ICAS: Global study identifies the key to fostering female ambition in the chartered accountancy profession
New research launched today from the Chartered Accountants Worldwide global ED&I task force, chaired by ICAS executive director of member engagement and communications, Sarah Speirs, has identified the key to fostering female ambition in the profession.
The CAW global ED&I task force partnered with Magenta — a specialist research agency — to conduct the first global study to map the career journeys of women in the profession and identify the barriers and opportunities for employers to open career pathways for women to progress into more senior positions.
More than 3,500 mid-career women and men took part in the study across eight countries that included over forty in-depth interviews.
The survey revealed that while some in-roads have been made, there is still much to do for the profession to both attract and retain female talent — especially mid-career.
Ms Speirs said: “This study has shown that there is still more that we need to do to foster female ambition within the profession and drive change. This is a global issue that concerns all of us irrespective of country and culture.
“At a time when retention is a key issue for employers, we must work together to find solutions to harness the huge talent pool of mid-career women as well as ensuring that the profession remains a viable and attractive option to young women coming into Chartered Accountancy in future.”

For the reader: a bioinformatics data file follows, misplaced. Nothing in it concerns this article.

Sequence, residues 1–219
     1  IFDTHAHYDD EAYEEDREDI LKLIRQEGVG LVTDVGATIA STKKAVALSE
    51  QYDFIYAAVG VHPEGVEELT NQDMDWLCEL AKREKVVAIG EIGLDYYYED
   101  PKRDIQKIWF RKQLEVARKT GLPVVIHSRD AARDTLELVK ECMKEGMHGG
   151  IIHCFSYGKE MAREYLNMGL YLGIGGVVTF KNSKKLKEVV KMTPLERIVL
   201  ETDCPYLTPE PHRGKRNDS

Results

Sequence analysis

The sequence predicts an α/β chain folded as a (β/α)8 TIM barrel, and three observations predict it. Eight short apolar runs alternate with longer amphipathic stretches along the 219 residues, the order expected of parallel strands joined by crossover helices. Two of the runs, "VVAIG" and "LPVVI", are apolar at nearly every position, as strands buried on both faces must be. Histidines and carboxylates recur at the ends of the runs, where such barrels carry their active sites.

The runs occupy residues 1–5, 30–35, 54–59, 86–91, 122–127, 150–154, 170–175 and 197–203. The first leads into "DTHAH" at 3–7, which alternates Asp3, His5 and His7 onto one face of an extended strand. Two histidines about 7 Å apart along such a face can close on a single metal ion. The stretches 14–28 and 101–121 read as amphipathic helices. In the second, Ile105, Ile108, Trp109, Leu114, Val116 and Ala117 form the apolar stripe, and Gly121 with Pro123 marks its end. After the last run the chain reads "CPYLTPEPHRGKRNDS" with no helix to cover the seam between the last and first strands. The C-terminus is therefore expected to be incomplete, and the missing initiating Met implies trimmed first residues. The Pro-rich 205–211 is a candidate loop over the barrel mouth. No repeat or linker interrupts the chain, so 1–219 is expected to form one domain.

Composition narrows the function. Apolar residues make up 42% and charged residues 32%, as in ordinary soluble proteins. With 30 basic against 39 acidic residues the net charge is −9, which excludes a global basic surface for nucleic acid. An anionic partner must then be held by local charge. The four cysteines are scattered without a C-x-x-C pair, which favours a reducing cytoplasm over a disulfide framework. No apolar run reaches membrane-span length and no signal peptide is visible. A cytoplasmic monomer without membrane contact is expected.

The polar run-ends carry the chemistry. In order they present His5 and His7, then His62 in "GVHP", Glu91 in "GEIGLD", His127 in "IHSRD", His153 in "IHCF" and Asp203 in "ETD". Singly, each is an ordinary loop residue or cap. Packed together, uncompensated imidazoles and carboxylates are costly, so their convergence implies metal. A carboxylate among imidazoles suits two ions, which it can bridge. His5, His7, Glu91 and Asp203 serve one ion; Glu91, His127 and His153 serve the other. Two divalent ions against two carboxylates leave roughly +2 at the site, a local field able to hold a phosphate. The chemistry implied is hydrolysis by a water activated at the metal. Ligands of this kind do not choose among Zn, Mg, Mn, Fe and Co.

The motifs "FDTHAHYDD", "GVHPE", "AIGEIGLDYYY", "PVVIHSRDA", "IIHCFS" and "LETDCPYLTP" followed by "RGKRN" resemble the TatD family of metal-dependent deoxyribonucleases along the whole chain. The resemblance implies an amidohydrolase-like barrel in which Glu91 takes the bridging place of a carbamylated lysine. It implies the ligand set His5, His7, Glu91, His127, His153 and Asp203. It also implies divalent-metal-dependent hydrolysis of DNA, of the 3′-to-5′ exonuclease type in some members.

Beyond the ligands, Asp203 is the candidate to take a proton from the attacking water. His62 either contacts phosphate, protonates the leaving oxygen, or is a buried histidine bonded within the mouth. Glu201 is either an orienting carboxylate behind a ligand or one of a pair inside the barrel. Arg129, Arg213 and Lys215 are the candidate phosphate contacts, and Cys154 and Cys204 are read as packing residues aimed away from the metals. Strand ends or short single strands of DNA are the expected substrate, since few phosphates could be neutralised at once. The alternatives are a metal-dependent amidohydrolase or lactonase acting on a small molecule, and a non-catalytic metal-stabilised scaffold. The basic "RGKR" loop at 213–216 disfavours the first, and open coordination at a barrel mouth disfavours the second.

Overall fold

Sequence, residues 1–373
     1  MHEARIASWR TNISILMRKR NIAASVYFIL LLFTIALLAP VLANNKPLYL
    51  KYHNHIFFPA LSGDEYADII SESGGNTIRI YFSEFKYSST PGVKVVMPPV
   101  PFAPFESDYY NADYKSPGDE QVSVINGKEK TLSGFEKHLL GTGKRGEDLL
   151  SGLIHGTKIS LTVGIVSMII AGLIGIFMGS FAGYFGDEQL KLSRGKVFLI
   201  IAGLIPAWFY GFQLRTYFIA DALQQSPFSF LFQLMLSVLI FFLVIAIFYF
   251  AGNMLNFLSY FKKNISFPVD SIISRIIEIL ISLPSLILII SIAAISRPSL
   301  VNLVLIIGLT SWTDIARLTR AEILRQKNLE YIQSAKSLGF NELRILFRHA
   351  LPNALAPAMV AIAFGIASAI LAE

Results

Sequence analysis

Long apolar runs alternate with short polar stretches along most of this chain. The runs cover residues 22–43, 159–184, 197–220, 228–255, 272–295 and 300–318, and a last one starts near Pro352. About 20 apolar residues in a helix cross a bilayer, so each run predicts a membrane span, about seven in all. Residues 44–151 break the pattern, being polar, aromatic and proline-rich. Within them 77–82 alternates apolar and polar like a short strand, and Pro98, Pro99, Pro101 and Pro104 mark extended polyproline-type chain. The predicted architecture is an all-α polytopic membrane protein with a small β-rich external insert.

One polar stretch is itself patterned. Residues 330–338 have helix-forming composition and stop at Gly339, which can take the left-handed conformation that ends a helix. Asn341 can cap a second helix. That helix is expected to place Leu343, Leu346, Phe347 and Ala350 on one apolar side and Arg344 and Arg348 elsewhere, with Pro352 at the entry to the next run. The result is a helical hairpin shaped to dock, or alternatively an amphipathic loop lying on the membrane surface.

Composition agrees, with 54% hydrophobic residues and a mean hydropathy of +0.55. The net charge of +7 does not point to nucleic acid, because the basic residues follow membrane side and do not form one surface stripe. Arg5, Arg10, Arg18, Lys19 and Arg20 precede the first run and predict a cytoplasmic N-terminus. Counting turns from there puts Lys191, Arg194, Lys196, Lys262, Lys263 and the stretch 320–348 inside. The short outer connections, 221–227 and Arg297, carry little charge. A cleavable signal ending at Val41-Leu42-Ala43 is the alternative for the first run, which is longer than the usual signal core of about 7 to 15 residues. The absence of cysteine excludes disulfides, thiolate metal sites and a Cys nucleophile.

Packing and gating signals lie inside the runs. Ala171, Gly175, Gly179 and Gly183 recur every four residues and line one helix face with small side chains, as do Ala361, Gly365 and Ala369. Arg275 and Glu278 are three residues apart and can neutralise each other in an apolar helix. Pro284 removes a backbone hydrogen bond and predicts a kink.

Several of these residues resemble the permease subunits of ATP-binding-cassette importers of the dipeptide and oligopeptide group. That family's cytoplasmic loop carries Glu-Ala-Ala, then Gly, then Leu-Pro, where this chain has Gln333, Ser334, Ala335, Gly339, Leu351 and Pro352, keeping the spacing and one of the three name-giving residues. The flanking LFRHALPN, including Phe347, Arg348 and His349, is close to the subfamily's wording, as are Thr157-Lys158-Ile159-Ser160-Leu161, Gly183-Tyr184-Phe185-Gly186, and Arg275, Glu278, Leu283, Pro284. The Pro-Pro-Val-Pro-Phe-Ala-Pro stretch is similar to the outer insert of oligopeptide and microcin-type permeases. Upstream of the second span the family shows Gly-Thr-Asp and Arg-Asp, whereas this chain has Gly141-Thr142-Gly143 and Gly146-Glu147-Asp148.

The survey indicated that eight in ten women felt they had a lot to offer the profession despite being a parent and that ambition doesn’t reduce with parenthood, with 7 in 10 stating that they believe they can obtain a senior position.
However, a lack of confidence to progress their career came out as the number one barrier for women, with 31% citing it as a barrier to progression. 29% of women felt that the management style of their superiors and company culture were prohibitive to their career and 25% of women stated that a lack of time off to care for children was a barrier for them.
Networking also felt exclusive to many women because of the times these events took place, meaning they were unable to make connections for work because of family commitments. Indeed, throughout their career, women are significantly more likely to experience barriers to their career progression. Conversely, by the time men reach their late career, they are significantly more likely to claim that they have not experienced any barriers to their career (29%).
There are some key opportunities that the profession could embrace to ensure mid-career women stay motivated, are able to progress and remain a valuable resource to employers. For example, over one in three mid-career women (36%) highlight flexible hours or working location as an important enabler for career progression.
Furthermore, three in four mid-career women (75%) currently acknowledge that a supportive line manager and/or being given the opportunity to work on new projects that allowed them to develop their skillset as having the biggest impact on their career progression and 67% stated that they would love a mentor to support and guide them.
Lastly, the ability to work flexibly and in a hybrid manner while remaining visible and valued by senior managers was something many women cited as being something that would make a huge difference to them.